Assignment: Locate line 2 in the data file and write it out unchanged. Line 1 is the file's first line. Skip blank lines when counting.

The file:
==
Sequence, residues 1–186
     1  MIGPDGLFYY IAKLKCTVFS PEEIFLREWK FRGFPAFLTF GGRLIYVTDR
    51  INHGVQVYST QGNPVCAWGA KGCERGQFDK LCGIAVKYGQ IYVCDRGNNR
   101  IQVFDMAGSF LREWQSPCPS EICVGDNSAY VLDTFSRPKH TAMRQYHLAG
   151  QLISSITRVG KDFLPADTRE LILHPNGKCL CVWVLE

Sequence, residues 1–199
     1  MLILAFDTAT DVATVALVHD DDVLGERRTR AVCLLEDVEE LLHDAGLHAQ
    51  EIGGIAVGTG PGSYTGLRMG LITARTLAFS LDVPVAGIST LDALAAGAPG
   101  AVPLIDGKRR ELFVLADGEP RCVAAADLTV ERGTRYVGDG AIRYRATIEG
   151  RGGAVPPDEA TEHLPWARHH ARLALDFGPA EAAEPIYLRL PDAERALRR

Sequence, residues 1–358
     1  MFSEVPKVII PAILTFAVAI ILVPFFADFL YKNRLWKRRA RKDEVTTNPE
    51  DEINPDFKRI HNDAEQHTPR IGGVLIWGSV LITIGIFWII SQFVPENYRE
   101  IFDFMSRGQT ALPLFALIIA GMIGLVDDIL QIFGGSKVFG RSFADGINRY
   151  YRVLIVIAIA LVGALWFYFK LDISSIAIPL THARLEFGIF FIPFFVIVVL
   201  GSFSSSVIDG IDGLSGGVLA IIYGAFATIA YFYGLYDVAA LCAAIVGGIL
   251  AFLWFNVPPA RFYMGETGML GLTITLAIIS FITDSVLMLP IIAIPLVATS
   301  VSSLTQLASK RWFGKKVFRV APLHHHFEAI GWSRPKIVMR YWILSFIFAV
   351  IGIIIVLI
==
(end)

     1  MIGPDGLFYY IAKLKCTVFS PEEIFLREWK FRGFPAFLTF GGRLIYVTDR